WEHI and MSD – also known as Merck & Co Inc., based in Kenilworth NJ USA – have established a three-year exchange program whereby WEHI researchers can be seconded to MSD’s Research Laboratories in South San Francisco, US, to advance promising chemical biology research towards new medicines. The agreement brings together WEHI’s broad suite of research specialities – in cancer, immune and infectious diseases, developmental disorders and age-related conditions – with MSD’s expertise in cutting-edge drug discovery and drug development.
The first secondment has commenced this year, with WEHI chemical biologist Dr Christoph Grohmann using the latest technology at MSD’s Research Laboratories to progress WEHI’s research into potential new cancer therapeutic drug candidates.
The discovery and development of new medicines is a complex process, with many steps before a drug candidate can be tested in pre-clinical and, ultimately, clinical trials, said Professor Guillaume Lessene, head of WEHI’s New Medicine and Advanced Technologies theme.
“More than a decade ago, WEHI’s chemical biologists discovered a compound that showed selective toxicity to cancer cells,” he said. “This was an exciting property, which suggested this compound may form the basis of a potential new anti-cancer medicine, but it wasn’t clear how the compound functioned within cells.”
An extensive body of work, led by Dr Grohmann, has used a range of approaches to investigate the compound’s mode of action, and to develop derivative compounds with more optimal drug-like properties.
Dr Grohmann said his secondment would enable him to understand how this compound works – a critical step for it to be considered for progression to the clinic.
“By being able to access the latest technologies at MSD, I hope to solve the puzzle of how this compound works – thus opening new opportunities for pursuing this discovery-stage project towards potential new anti-cancer medicines.” he said.
The secondment offers Dr Grohmann the opportunity to develop new skills.
“It’s fantastic to be working within an industrial drug discovery facility, and to learn about the approaches to drug development that are beyond the scope of academic research organisations. I’m really excited that I will bring my research expertise to MSD and bring back some new approaches to WEHI after the secondment. Understanding the mode of action of potential drugs is a critical step in many drug discovery projects, so I hope the skills I am learning can be applied to advance research into a range of diseases at WEHI,” Dr Grohmann said.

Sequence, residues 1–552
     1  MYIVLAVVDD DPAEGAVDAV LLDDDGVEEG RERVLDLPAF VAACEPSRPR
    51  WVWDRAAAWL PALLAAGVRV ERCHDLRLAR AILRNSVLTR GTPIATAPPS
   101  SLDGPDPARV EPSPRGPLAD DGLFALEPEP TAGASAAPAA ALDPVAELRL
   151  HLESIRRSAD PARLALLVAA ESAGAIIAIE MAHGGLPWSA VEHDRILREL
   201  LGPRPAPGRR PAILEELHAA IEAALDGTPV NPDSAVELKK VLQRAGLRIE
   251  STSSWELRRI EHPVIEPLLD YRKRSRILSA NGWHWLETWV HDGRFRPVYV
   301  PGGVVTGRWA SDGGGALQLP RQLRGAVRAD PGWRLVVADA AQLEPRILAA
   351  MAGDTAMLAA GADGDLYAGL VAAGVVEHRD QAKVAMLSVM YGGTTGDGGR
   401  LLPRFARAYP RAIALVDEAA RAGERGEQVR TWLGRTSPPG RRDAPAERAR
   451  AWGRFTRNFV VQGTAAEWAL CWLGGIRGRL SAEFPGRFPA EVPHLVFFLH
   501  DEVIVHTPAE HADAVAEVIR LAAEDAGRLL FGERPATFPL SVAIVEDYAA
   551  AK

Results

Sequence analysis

The deal struck between WEHI and MSD will run for three years, enabling up to three WEHI scientists to attend MSD’s Research Laboratories. Under the agreement, MSD has gained an exclusive option to license WEHI’s intellectual property. The terms of the agreements have been specifically designed for this project and are fit-for-purpose while bringing great value to both MSD and WEHI.
Dr John Flygare, Principal Investigator at MSD, said WEHI is a great collaborator for MSD due to its complementary skillset.
“WEHI has a long history of pursuing impactful medical research, and we’ve seen several groundbreaking discoveries from WEHI laboratories translated into important new therapies. The National Drug Discovery Centre at WEHI, and the associated medicinal chemistry and biology expertise mean WEHI is well-placed to continue to discover potential new therapies” he said.
“The agreement between MSD and WEHI means that we will see more of these discoveries progressed towards potential new medicines. Negotiating this innovative deal with WEHI has been a great experience given their track record in designing, negotiating and closing innovative early-stage business development deals with the pharmaceutical industry.”
Dr Anne-Laure Puaux, head of Biotechnology and Commercialisation at WEHI, said MSD and WEHI shared a goal of improving human health, and the secondment and collaboration deal was an important way this could be achieved.
“This is a unique opportunity for Australian medicinal chemists to access a range of specialist technologies not generally available to an academic research organisation, and to bring this knowledge back to Australia. In addition, this collaboration is really exciting, and working with MSD will help us advance this early stage program closer to a drug candidate,” she said.
The Australian National Health and Medical Research Council and the Victorian Government provided early stage funding support to the research underpinning the project being undertaken by Dr Grohmann at MSD.
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